Despite the fact that all students went through these two stages of the program, the aim of this research was to establish “the influences of the STEAM-based curriculum on students’ scientific creativity” as well as “which kind of sequence of the course stage design is more successful to boost students’ scientific creativity.” This study used a counterbalance design to determine the potential outcomes of key research questions. Students in the control group were required to participate in stage 1 (Lock Science Courses) before going on to stage 2 (STEAM-based courses). This type of curriculum design aids students in constructing science principles first and then guiding them to incorporate these concepts through participation in STEAM courses. Students in the experimental group, on the contrary, were required to join stage 2 first and then stage 1 (Figure 3). This style of curriculum design assists students in self-learning of interdisciplinary expertise in STEAM courses and then leads them in generalizing their science concepts.

FIGURE 3
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FIGURE 3. The research design structure of this study.

The control group style (stage 1 to stage 2) involves building students’ science principles first and then guiding them to incorporate these concepts by participation in STEAM courses. The experimental group style (stage 2 to stage 1) allows students to learn on their own.

The research design is a kind of cross-study method. There are two reasons to use the cross-study method: 1) We did not know if the sequence of different teaching methods affected the results. 2) Students in both groups need to accept the same teaching method for better research ethics.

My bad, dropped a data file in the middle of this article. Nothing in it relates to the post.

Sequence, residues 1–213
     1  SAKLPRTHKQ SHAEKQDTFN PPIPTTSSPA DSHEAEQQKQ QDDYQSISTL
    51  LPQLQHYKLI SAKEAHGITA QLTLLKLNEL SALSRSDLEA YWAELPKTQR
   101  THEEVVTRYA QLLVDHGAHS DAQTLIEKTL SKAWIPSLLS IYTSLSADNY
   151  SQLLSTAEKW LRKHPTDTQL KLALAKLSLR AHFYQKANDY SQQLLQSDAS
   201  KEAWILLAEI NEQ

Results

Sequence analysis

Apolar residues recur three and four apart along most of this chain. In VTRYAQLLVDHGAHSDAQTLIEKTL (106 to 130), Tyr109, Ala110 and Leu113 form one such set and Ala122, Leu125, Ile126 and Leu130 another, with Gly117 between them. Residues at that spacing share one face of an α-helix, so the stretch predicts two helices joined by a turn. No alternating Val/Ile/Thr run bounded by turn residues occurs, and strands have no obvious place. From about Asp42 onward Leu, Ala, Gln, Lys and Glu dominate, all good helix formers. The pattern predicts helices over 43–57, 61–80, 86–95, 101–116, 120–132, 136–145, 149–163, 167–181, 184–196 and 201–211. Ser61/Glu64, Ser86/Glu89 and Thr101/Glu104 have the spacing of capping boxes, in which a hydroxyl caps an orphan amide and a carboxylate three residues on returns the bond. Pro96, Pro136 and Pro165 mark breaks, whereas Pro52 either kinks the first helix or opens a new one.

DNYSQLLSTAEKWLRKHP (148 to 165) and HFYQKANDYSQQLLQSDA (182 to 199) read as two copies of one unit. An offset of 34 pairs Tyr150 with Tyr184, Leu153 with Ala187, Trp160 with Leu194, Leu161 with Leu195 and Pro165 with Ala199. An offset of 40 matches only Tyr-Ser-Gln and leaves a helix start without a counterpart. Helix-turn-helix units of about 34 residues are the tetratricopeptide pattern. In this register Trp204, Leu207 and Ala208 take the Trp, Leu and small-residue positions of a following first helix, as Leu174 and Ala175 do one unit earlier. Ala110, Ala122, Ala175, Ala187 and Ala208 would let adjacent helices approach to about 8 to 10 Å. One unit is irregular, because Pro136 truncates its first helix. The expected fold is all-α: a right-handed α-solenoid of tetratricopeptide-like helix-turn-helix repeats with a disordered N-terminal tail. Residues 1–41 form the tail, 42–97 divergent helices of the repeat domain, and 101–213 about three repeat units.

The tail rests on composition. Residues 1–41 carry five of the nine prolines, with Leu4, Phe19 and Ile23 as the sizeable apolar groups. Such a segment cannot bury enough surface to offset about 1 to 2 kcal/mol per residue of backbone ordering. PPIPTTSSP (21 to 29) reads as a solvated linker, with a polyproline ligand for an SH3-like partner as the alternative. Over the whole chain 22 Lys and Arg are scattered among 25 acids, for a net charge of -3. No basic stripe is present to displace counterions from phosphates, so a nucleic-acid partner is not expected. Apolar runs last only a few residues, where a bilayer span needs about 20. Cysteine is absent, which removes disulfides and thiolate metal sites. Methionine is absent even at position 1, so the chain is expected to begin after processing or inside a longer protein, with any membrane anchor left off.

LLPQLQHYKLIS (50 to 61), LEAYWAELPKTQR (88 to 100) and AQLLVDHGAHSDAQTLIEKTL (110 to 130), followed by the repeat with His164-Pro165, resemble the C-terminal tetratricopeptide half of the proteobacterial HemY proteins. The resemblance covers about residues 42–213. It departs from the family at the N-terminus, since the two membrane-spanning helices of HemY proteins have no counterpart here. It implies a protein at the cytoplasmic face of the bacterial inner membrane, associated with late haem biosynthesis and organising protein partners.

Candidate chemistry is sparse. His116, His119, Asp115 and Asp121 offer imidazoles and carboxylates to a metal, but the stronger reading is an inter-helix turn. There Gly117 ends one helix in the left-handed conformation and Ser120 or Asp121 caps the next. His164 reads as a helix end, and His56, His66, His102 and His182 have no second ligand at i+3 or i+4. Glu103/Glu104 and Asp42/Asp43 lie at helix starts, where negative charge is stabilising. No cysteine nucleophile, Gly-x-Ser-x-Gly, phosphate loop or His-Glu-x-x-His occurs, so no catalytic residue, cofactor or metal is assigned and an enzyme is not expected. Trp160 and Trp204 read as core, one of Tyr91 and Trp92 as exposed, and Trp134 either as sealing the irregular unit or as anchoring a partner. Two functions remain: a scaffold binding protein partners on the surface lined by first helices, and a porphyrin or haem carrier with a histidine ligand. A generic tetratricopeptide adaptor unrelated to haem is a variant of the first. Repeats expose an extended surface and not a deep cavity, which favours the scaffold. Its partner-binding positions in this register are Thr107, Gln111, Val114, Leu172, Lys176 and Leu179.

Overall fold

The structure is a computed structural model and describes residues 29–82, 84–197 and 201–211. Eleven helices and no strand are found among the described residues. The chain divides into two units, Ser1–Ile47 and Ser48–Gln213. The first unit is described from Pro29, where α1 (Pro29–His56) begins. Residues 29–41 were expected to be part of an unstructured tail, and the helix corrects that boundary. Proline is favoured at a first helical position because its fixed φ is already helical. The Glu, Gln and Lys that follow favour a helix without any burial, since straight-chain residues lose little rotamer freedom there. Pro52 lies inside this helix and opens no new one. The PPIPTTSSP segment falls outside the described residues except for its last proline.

As can be seen in Figure 3, the comparison of pretest and posttest data were used to reflect about research questions “which kind of sequence of the course stage design has the remarkable impact on improving scientific creativity of elementary school students, as measured by the constituent scores of scientific creativity (fluency, flexibility, and originality)” and “is there a discrepancy in the effects of STEAM-based curriculum on various genders after they participated in the study.”

Instruments and Scoring

The scientific creativity test (Hu and Adey, 2002) was used as the main instrument in this study; its details are mentioned in Table 2. Author (2019) retested and validated this test, and the findings showed that science performances and creativity of students in both groups correctly represented their scientific creativity.

TABLE 2
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TABLE 2. The scientific creativity test (Hu and Adey, 2002; Huang and Wang, 2019).

The scientific creativity test was used in the research of Hu and Adey to investigate the scientific creativity of high school students, and reliability of Cronbach’s α reached 0.89. The test was converted into Chinese and retested in middle school students (n = 82, 38 males, 44 females; mean age ±SD = 14.1 ± 1.1 years) in Taiwan, and the revised reliability of Cronbach’s α reached 0.87. The test was designed for group administration with a time limit of 60 min. The examiner sought to make the students feel at ease but also wanted them to work hard to complete the tasks. Table 2 presents each of the seven items in the test.

The definition of scoring (Author, 2019; Hu and Adey, 2002) is as follows:

i) Fluency score: to count all of the separate responses given by the subjects, regardless of the quality.

ii) Flexibility score: to count the number of approaches or areas used in the answer.

iii) Originality score: scored based on the probability of a response among all responses, detailed in Table 3.

TABLE 3
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TABLE 3. Definition of scoring for the originality score.

All answers by the students were read by three professional experts, and the results were the individual scores of fluency, flexibility, and originality. Each expert could then read the scores of the other two experts and make remarks or changes of their own. The three experts came to a unanimous decision after reviewing three times.